Tuesday, September 13, 2011

Who knew that cats are their protectors?

Good to the Last Drop
After taking this photo of a bumblebee enjoying one of our last summery days, I looked them up in Wikipedia and came across this lovely passage by Charles Darwin on bumblees (called "humble bees" in England at the time) -- and clover, mice and cats as well.
Plants and animals, most remote in the scale of nature, are bound together by a web of complex relations. [...] I have [...] reason to believe that humble-bees are indispensable to the fertilisation of the heartsease (Viola tricolor), for other bees do not visit this flower. From experiments which I have tried, I have found that the visits of bees, if not indispensable, are at least highly beneficial to the fertilisation of our clovers; but humble-bees alone visit the common red clover (Trifolium pratense), as other bees cannot reach the nectar. Hence I have very little doubt, that if the whole genus of humble-bees became extinct or very rare in England, the heartsease and red clover would become very rare, or wholly disappear. The number of humble-bees in any district depends in a great degree on the number of field-mice, which destroy their combs and nests; and Mr. H. Newman, who has long attended to the habits of humble-bees, believes that 'more than two thirds of them are thus destroyed all over England.' Now the number of mice is largely dependent, as every one knows, on the number of cats; and Mr. Newman says, 'Near villages and small towns I have found the nests of humble-bees more numerous than elsewhere, which I attribute to the number of cats that destroy the mice.' Hence it is quite credible that the presence of a feline animal in large numbers in a district might determine, through the intervention first of mice and then of bees, the frequency of certain flowers in that district!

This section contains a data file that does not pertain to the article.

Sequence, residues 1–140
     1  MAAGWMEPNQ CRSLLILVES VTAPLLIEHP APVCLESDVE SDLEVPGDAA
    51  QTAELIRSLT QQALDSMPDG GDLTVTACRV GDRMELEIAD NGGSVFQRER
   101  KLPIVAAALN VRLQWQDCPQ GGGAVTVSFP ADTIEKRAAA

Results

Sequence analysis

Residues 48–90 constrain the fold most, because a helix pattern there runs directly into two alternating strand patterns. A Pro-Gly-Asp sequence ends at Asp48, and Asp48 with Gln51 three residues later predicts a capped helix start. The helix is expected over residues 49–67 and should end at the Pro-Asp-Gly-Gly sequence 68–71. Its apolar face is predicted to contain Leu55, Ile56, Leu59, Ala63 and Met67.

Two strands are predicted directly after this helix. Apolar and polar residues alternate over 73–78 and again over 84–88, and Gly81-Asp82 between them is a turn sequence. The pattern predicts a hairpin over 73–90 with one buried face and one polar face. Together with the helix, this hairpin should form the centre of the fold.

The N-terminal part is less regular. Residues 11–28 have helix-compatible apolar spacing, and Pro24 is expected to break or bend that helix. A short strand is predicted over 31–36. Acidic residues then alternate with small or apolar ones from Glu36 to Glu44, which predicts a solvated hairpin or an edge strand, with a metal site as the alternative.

After all the bad press outdoor cats get for going after birds, it's nice to know that they're also, indirectly, protectors of bumblebees.

1 comment:

joel hanes said...

When the wolves came back to Yellowstone, resurrected aspen forests sprang up in places where they'd stood in earlier centuries, the extirpation of wolves had allowed the elk to browse them away completely.